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By: Bradley T. Adler and Will Collins
The recent Eleventh Circuit decision Gaines v. Wardynski, 2017 U.S. App. LEXIS 18276, No. 16-15583 (11th Cir. Sept. 21, 2017), is a good reminder of the importance and value of qualified immunity as a defense to litigation in the Eleventh Circuit Court of Appeals (federal appeals court covering Georgia, Florida and Alabama). In Gaines, a school teacher, Lynda Gaines, filed a Section 1983 claim against the school superintendent, Dr. Casey Wardynski, alleging violations of her First Amendment right of freedom of speech and freedom of association. After Gaines filed suit and before discovery commenced, Dr. Wardysnki filed a motion to dismiss based on qualified immunity. The district court denied the motion and Dr. Wardysnki appealed.
In short, Gaines’ claim arose out of a dispute in May of 2013 when Gaines’ father, a county commissioner, “blasted” the Hunstville City Board of Education and Dr. Wardynski for recent actions they were taking. Gaines, who was a teacher in the Huntsville school system at the time, alleged that, after the article was published, she was denied a promotion to one of three open teaching positions in retaliation for her father’s comments. While the district court denied Dr. Wardynski’s motion for summary judgment based on qualified immunity, the Eleventh Circuit reversed. Through its decision, the Eleventh Circuit reminded practitioners that, in order for a constitutional right to be clearly established by law under the doctrine of qualified immunity, the clearly established law must be specifically particularized to the facts of the case. The Eleventh Circuit concluded in Gaines that the case law that the district court and Gaines cited “was not particularized to the facts of the case, but rather merely set out First Amendment principals at a high level of generality.” As a result, the Eleventh Circuit concluded that the defendants had not violated a clearly established constitutional right.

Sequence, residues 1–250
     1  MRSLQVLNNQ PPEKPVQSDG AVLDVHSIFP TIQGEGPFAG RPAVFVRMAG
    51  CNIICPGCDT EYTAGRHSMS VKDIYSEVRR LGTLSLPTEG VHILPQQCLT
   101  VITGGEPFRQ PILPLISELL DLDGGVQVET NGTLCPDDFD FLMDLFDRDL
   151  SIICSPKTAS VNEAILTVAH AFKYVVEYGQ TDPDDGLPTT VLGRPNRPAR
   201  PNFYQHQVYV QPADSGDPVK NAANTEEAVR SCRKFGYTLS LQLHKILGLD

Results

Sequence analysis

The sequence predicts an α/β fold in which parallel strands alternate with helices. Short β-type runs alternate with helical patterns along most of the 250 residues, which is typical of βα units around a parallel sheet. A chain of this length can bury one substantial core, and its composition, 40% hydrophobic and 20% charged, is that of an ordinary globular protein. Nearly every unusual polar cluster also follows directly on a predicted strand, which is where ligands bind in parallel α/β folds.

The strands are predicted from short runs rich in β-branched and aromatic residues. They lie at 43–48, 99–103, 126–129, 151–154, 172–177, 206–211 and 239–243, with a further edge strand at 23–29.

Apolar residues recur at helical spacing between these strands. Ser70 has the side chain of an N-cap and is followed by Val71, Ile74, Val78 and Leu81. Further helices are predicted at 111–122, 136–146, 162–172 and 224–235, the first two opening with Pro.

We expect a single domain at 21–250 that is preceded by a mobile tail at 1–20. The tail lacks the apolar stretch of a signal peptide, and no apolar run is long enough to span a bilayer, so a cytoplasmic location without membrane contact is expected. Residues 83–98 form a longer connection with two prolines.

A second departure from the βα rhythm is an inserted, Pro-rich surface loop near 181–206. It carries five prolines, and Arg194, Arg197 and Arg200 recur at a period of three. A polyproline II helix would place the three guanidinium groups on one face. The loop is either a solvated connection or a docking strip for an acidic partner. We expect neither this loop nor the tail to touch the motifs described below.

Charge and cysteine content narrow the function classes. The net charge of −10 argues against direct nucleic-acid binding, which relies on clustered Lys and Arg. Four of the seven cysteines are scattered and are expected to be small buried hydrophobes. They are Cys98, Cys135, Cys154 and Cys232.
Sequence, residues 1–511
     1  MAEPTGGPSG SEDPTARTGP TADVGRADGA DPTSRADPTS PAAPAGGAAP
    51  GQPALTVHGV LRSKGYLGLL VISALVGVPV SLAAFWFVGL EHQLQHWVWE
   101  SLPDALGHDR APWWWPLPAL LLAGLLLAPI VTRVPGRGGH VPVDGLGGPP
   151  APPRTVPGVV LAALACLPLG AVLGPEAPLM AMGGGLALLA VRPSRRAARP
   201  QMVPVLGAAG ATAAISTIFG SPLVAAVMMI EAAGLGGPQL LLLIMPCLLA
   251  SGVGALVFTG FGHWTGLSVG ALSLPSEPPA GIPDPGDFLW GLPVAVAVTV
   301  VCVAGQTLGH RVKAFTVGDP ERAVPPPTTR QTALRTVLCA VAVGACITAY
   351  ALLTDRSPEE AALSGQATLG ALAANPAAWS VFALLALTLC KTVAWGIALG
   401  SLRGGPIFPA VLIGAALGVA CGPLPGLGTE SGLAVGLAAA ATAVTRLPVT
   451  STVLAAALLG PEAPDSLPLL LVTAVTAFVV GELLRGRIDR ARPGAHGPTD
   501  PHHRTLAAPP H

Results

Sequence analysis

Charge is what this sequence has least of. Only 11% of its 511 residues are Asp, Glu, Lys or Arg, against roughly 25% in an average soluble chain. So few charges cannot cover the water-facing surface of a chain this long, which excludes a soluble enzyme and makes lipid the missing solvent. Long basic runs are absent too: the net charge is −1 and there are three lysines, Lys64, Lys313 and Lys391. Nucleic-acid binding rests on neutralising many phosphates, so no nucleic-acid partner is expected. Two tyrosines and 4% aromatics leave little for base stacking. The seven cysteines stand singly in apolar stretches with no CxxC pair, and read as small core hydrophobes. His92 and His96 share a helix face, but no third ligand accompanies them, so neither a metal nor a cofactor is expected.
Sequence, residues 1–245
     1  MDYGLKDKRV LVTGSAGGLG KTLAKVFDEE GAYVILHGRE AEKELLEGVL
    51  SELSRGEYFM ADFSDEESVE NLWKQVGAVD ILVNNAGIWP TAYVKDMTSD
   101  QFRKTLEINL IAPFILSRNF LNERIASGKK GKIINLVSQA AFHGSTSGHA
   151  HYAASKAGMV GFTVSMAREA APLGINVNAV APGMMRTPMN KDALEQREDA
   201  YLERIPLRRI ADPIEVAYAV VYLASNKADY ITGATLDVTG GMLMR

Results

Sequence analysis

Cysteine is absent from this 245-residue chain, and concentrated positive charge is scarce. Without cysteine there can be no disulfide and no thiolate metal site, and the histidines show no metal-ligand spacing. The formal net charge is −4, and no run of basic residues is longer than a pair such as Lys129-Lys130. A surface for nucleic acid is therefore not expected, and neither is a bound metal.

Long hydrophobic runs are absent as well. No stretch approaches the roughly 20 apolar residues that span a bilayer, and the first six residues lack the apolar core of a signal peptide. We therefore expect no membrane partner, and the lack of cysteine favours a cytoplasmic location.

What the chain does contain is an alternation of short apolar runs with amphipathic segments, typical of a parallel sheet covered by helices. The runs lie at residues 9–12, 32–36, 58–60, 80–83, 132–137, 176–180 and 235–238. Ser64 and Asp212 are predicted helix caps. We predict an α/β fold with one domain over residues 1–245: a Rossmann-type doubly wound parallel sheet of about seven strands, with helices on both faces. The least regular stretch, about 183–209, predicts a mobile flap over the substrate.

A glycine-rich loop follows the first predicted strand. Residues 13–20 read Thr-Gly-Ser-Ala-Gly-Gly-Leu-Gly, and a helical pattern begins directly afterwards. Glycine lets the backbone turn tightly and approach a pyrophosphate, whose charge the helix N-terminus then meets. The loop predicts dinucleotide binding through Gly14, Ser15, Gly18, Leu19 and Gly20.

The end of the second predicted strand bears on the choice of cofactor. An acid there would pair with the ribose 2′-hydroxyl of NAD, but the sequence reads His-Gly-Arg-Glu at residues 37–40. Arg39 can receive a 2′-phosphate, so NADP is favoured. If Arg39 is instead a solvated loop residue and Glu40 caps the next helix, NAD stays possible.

As a part of its decision, the court emphasized that whether a right is clearly established turns on whether the governmental official had fair warning. According to the court, there are three methods for a plaintiff to show fair warning: (1) citing a materially similar case already decided; (2) pointing to a broader clearly established principle that should control the novel facts of the situation; and (3) where the conduct of a situation so obviously violates the constitution, prior case law is unnecessary.
Here, the court quickly moved past the second and third methods, which are rare and generally involve cases of egregious conduct. Instead, this decision turned on whether there was a materially similar case already decided. The Eleventh Circuit stressed that the “materially similar case” analysis is not a general inquiry, but rather must (1) be particularized to the facts; (2) be particularized to the context; and (3) give notice to the governmental official. As a part of its analysis, the Eleventh Circuit stopped short of saying that the facts must be directly on point, but emphasized the facts must be close enough to put the “question beyond debate” and must come from a previously-issued decision of the United States Supreme Court, the governing federal court of appeals, or the applicable state supreme court.
In the end, the Gaines decision emphasized just how difficult it is for a plaintiff to overcome qualified immunity because of the level of particularity required for a case to be materially similar in facts and context. As a result, when government officials are facing suits for constitutional violations, it is critical for them to remember to assess the potential use of a qualified immunity defense at the outset of the case.
If you have any questions or would like more information, please contact Bradley Adler at [email protected] or Will Collins at [email protected].